Quality, as applied to databases, is not something abstract or theoretical. It is a very practical issue. In the simplest terms, a database is of high quality if it's useful to the community it's designed to serve.
Commercial databases serve some needs of your user community, but not all. For instance, you may wish to create databases of community resources or unique documents in your collection. With ever-improving computer technology, it's easier than ever to create a database. However, the challenges of creating a good database remain.
In Build Your Own Database, authors Peter Jacso and F. W. Lancaster, show you how to create quality in databases with advice in such areas as:
PeTER JACSo is Chair and Associate Professor, School of Library and Information Studies, University of Hawaii, Honolulu. He received the Outstanding Information Science Teacher Award of the American Society for Information Science (ASIS), the Pratt-Severn Faculty Innovation Award, and the Louis Shores-Oryx Press Award for excellence in reviewing databases.
Lancaster is Professor Emeritus in the Graduate School of Library and Information Science at the University of Illinois.
"Building a Scalable Data Warehouse" covers everything one needs to know to create a scalable data warehouse end to end, including a presentation of the Data Vault modeling technique, which provides the foundations to create a technical data warehouse layer. The book discusses how to build the data warehouse incrementally using the agile Data Vault 2.0 methodology. In addition, readers will learn how to create the input layer (the stage layer) and the presentation layer (data mart) of the Data Vault 2.0 architecture including implementation best practices. Drawing upon years of practical experience and using numerous examples and an easy to understand framework, Dan Linstedt and Michael Olschimke discuss:How to load each layer using SQL Server Integration Services (SSIS), including automation of the Data Vault loading processes. Important data warehouse technologies and practices. Data Quality Services (DQS) and Master Data Services (MDS) in the context of the Data Vault architecture. Provides a complete introduction to data warehousing, applications, and the business context so readers can get-up and running fast Explains theoretical concepts and provides hands-on instruction on how to build and implement a data warehouseDemystifies data vault modeling with beginning, intermediate, and advanced techniquesDiscusses the advantages of the data vault approach over other techniques, also including the latest updates to Data Vault 2.0 and multiple improvements to Data Vault 1.0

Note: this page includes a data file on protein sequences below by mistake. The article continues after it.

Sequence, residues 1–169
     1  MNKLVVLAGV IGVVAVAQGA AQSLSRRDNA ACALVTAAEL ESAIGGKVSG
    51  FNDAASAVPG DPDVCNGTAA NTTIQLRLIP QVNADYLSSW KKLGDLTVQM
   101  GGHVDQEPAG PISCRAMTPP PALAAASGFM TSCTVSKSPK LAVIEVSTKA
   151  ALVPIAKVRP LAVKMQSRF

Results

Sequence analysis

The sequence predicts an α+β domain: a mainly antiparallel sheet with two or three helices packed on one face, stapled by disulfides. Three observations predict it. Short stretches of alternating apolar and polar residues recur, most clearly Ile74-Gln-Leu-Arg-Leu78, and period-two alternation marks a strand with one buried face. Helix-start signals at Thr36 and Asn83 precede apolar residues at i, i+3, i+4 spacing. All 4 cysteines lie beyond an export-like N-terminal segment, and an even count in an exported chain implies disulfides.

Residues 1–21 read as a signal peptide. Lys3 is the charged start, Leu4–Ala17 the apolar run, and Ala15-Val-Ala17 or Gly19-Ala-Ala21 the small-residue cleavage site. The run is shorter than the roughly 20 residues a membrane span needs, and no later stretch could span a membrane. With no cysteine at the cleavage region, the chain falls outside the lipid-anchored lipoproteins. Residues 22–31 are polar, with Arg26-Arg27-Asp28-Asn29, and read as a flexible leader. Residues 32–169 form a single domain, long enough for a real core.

Learn standard database design and management techniques applicable to any type of database. Featuring clear examples using both Microsoft Access and Oracle, Databases: A Beginner's Guide begins by showing you how to use Structured Query Language (SQL) to create and access database objects. Then, you'll discover how to implement logical design using normalization, transform the logical design into a physical database, and handle data and process modeling. You'll also get details on database security, online analytical processing (OLAP), connecting databases to applications, and integrating XML and object content into databases.
Designed for Easy LearningKey Skills & Concepts--Chapter-opening lists of specific skills covered in the chapter Ask the Expert--Q&A sections filled with bonus information and helpful tips Try This--Hands-on exercises that show you how to apply your skills Notes--Extra information related to the topic being covered Self Tests--Chapter-ending quizzes to test your knowledge
Component Database Systems is a collection of invited chapters by the researchers making the most influential contributions in the database industry's trend toward componentization
This book represents the sometimes-divergent, sometimes-convergent approaches taken by leading database vendors as they seek to establish commercially viable componentization strategies. Together, these contributions form the first book devoted entirely to the technical and architectural design of component-based database systems. In addition to detailing the current state of their research, the authors also take up many of the issues affecting the likely future directions of component databases.